Integrating (6) with respect to the time t, we get
Setting in (3), we deduce that
Differentiating with respect to t, using (8), we get
Therefore , that is
We also have
By (7), (10), and (11), we complete the proof of Theorem 2.1. □
Remark 2.1 By the above argument, we can obtain a better result. Let , . It then follows from (9) that
Furthermore, we have
where is a positive constant dependent only on γ, independent of and h.
In order to consider the error estimate, we first introduce a finite element approximation projection for a steady-state problem. Let , define , define the biharmonic projection such that
It then follows (12) that
where is a positive constant depends only on γ and μ. Hence, is a symmetrical positive determined bilinear form, and there exists a unique solution for problem (12).
Based on the standard finite element method for a biharmonic equation (see ), we have
Now, we consider the error estimate for the semi-discrete finite element solution. Let u be the solution of (2), and be the solution of (3). Denote and , then
Combining (2) and (4) gives
It then follows from (12) and (16) that
Lemma 2.1 Let u be the solution of (2), be the solution of (3), . Then there exists a constant such that
Proof First of all, we give some estimates which will be used in this proof. It follows from Theorem 2.1, (12), and (13) that
We notice that
By Sobolev’s embedding theorem, we have . Hence
Thus, using the method of integration by parts, we get
Then the proof of Lemma 2.1 is completed. □
Remark 2.2 We use the integration by parts for the term in the proof of Lemma 2.1. Then a better convergency is obtained.
Theorem 2.2 Let u be the solution of (2), be the solution of (3), , , and the initial value satisfies
Then we have the following error estimate:
where the constant .
Proof By (14)-(15) and Lemma 2.1, we only need to estimate . Setting in (17), using Cauchy’s inequality, we immediately conclude that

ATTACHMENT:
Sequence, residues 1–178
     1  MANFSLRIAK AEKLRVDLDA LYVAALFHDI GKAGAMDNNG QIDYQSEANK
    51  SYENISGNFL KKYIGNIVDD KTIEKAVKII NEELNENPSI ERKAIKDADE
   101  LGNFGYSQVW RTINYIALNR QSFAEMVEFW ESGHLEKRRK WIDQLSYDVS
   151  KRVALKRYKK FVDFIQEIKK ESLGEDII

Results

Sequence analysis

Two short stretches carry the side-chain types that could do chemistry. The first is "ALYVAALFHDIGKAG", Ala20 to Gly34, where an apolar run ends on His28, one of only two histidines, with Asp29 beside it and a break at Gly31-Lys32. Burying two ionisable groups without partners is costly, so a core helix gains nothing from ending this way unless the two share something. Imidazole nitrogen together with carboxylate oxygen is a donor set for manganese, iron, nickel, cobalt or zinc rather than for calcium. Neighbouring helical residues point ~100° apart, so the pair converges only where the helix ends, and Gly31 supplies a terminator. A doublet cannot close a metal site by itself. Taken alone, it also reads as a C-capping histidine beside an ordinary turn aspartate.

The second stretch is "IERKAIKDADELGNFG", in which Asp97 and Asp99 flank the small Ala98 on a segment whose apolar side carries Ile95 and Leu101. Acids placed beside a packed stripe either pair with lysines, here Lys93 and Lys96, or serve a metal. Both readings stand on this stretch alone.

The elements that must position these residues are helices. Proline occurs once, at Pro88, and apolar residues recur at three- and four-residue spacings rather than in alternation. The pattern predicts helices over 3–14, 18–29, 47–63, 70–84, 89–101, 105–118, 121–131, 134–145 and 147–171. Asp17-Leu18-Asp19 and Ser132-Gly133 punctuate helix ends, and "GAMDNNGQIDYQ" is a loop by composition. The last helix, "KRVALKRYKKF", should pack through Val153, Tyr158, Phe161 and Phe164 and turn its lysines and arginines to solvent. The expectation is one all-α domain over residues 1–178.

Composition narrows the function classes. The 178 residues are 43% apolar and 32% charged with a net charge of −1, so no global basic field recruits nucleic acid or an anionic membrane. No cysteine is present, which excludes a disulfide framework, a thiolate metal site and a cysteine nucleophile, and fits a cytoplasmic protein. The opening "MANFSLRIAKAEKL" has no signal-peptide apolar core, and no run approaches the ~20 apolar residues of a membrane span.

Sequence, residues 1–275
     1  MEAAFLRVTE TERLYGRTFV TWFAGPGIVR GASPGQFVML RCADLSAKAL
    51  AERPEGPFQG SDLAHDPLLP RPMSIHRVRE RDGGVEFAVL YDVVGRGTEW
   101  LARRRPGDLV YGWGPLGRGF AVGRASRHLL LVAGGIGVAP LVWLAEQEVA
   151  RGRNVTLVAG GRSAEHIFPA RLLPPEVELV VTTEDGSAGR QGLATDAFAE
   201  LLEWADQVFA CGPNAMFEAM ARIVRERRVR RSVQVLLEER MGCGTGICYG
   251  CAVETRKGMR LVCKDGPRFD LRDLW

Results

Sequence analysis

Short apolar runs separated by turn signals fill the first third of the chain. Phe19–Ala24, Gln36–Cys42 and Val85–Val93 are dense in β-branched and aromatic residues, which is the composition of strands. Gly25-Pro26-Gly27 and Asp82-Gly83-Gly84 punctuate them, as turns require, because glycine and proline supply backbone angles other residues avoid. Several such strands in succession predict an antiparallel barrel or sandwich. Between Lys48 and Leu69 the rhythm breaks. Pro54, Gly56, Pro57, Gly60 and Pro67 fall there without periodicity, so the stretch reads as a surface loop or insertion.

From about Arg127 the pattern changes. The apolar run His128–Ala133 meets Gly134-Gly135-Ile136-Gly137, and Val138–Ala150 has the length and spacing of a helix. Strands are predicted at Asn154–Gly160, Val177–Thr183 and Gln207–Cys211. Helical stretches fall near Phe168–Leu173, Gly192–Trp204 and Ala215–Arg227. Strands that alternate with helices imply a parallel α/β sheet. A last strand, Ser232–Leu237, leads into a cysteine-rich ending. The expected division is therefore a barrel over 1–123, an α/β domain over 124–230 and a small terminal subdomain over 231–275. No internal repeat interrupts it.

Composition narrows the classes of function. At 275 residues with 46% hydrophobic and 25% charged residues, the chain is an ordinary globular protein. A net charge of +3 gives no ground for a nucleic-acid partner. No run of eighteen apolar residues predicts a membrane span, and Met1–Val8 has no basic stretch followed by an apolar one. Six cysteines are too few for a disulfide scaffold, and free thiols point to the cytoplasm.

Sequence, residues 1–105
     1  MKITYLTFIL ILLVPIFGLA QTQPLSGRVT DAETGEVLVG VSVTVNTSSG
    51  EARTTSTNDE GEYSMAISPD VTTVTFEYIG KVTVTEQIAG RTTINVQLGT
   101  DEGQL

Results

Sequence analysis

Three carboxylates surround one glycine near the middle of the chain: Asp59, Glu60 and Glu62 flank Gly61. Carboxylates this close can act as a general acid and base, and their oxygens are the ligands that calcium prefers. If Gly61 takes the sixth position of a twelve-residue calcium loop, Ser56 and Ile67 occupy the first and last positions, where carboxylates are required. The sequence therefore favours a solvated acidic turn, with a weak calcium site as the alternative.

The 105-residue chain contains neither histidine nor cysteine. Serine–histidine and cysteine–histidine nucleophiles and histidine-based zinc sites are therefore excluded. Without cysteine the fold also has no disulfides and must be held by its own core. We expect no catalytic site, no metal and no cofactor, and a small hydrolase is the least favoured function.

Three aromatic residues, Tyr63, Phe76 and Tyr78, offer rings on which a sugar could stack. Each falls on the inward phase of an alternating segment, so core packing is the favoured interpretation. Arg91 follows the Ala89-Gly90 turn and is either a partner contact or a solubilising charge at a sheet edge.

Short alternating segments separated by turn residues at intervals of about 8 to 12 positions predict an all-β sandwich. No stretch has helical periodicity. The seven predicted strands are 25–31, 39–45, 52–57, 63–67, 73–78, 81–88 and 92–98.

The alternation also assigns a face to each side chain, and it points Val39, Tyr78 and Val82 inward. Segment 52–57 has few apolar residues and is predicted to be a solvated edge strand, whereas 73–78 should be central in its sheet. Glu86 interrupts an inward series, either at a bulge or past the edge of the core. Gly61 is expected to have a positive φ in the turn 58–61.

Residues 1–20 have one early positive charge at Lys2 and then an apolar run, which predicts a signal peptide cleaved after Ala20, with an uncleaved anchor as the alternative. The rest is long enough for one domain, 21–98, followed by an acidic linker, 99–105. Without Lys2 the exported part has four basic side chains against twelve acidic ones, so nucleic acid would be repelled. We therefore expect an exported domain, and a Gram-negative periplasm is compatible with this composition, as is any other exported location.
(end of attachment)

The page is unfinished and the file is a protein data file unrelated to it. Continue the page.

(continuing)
It then follows from the above inequality that
By Gronwall’s inequality, we deduce that
Combing (20) and (14) (noticing that ), and using the triangle inequality, we complete the proof of Theorem 2.2. □
Remark 2.3 In Theorem 2.2, we give the -norm error estimate for the semi-discrete approximation. In fact, we want to obtain some better result for the error estimates. Our best guess on the -norm error estimate is
where the constant . We will prove it in the next step.
3 Full-discrete approximation
For any given positive integer M, let denote the size of the time discretization. Denote for , . Introduce the forward Euler difference formula,
Now, we define the full-discrete finite element form to approximate problem (2): Find () such that
For the above form, if is known and Δt sufficiently small, by solving a positive definite system of linear equations which is equal to (22), we can obtain . Let
Using (2) and (12), satisfies
Adding (22) and (23), , we have
Theorem 3.1 Let u be the solution of (2), be the solution of (22), , , , , and satisfies
where . Then if h is sufficiently small, there exists a constant which is independent of h, Δt, and n, such that